LGBTQ Candidates

//LGBTQ Candidates
LGBTQ Candidates 2018-04-03T11:41:18+00:00

Sexual Orientation and Career Decision Making

Lesbian, Gay, Bisexual, Transgender, or Queer (LGBTQ) job seekers can encounter situations different from those experienced by their straight peers. Whether it be deciding when to come out to an employer, what to wear to an interview or how to handle discrimination in the workplace, there are many topics in which some preparation and research can help you feel more comfortable in deciding what is best for you.

Below you will find information and resources may be helpful to you as you make decisions about work or graduate school. In addition, we encourage you to use on-campus resources such as career advisement at Career Services, individual or couples counseling through the Counseling Center, and information and support from the Office of Diversity and Inclusion.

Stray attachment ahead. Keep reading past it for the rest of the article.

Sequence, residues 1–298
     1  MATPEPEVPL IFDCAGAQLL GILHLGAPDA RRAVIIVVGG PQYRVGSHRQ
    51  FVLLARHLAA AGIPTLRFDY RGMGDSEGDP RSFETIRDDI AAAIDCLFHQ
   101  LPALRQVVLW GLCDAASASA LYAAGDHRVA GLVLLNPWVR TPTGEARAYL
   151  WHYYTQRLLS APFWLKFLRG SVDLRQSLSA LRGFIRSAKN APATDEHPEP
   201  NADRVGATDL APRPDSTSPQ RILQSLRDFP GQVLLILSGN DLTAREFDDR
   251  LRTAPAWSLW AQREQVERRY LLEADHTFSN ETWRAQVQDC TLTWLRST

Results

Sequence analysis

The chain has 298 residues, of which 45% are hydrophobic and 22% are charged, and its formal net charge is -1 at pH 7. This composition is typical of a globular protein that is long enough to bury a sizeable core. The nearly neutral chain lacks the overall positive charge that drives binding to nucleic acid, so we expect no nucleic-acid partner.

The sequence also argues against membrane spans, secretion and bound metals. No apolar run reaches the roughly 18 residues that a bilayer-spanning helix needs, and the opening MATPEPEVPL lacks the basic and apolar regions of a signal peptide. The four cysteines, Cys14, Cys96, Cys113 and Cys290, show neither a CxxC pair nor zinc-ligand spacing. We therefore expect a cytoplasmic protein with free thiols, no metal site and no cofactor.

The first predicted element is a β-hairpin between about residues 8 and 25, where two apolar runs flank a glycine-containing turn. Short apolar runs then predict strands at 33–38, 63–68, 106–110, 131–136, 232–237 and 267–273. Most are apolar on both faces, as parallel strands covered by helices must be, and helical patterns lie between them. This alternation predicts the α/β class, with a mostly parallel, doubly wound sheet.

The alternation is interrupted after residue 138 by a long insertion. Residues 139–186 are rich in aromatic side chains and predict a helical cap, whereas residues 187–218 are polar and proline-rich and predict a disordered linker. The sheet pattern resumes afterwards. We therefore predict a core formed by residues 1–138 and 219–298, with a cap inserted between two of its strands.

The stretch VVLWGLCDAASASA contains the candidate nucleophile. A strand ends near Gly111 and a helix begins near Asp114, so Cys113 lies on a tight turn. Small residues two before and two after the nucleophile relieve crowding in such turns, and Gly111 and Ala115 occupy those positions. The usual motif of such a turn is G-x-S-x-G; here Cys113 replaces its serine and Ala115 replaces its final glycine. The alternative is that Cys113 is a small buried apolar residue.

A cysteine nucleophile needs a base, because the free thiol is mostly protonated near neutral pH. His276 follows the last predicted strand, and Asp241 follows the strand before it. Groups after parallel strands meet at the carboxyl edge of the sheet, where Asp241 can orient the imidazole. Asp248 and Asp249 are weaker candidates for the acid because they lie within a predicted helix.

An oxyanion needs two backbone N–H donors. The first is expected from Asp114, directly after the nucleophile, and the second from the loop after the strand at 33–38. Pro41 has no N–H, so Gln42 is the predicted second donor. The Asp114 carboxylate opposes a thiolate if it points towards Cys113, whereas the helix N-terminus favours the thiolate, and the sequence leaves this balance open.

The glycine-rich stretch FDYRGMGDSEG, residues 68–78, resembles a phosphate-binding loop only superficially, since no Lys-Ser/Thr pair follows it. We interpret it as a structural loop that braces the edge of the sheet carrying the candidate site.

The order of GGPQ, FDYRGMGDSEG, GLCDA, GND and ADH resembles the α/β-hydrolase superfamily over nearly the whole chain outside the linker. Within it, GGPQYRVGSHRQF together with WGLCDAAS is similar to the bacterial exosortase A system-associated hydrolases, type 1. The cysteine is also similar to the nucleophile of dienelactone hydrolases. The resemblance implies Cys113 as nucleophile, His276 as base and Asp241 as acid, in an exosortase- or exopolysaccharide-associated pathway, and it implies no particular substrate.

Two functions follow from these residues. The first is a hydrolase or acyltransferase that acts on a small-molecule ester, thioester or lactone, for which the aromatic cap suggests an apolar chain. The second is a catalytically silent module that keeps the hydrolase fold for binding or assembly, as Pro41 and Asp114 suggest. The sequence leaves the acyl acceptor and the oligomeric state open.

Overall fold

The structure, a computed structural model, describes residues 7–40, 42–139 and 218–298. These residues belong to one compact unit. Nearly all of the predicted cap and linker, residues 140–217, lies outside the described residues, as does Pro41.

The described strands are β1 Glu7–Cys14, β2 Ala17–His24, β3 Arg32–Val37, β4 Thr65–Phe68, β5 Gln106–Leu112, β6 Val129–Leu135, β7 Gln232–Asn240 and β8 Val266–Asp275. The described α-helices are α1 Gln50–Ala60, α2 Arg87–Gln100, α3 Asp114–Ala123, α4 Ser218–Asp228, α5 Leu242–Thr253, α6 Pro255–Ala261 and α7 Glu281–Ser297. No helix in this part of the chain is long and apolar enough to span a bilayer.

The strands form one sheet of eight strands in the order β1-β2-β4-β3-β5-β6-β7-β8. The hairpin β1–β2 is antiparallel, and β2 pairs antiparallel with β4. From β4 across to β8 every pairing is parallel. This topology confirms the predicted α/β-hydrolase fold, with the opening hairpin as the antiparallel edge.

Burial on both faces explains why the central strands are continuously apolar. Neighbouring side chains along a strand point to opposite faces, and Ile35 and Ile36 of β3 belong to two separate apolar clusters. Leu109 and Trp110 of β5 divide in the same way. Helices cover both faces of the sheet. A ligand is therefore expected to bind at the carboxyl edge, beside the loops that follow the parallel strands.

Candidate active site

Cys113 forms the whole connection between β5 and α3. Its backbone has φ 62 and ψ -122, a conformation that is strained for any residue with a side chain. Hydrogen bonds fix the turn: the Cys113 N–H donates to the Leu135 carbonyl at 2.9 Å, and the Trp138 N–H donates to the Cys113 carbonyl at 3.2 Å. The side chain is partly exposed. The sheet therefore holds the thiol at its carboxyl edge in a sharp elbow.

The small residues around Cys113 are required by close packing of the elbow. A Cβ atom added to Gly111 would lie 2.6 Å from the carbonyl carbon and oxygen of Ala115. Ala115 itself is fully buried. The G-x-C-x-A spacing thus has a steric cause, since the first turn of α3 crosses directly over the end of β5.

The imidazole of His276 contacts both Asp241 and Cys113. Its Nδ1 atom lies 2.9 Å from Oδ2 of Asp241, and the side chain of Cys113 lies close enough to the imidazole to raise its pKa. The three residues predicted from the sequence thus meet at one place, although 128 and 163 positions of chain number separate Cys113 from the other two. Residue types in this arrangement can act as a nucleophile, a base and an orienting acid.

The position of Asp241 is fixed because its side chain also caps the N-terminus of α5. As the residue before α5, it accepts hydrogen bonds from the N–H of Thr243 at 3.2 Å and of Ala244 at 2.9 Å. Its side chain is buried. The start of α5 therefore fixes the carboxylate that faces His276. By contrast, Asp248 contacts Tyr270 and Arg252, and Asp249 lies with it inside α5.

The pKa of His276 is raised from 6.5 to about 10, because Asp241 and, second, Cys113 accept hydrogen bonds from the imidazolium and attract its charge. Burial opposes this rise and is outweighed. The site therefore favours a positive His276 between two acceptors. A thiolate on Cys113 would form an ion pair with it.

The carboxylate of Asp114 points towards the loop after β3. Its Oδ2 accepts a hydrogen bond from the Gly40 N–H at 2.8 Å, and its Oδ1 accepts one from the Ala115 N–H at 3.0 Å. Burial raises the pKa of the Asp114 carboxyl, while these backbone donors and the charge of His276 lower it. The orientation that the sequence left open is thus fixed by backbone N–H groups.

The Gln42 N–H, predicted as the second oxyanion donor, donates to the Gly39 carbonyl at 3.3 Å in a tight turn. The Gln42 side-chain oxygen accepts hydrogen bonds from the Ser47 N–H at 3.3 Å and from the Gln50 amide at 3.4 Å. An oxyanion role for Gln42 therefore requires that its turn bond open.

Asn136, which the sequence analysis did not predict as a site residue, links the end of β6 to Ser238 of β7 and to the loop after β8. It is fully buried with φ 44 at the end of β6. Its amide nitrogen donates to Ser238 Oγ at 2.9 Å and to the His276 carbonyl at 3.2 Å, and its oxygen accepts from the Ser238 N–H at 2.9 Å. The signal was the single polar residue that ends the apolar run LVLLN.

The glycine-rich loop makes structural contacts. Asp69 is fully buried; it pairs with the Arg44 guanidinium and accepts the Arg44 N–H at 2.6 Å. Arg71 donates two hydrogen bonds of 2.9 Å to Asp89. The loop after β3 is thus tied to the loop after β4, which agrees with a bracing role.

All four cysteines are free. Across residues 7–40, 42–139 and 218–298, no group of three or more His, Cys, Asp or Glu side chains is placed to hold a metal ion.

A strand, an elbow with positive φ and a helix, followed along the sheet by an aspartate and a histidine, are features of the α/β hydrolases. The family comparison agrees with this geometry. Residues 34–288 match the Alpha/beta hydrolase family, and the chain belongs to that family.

Why would my job search process be different than my straight peers?

Although job seekers from all backgrounds have similar concerns during the job process, those in the LGBTQ community likely have some additional considerations. For some people being out is an important part of their identity and feel comfortable sharing this information with employers. However, others may consider this aspect of their identity to partly define them and are therefore more private about sharing this part of them with others. No matter which way you choose to handle this decision, there are some things you may want to consider when deciding what to share.

When to Come Out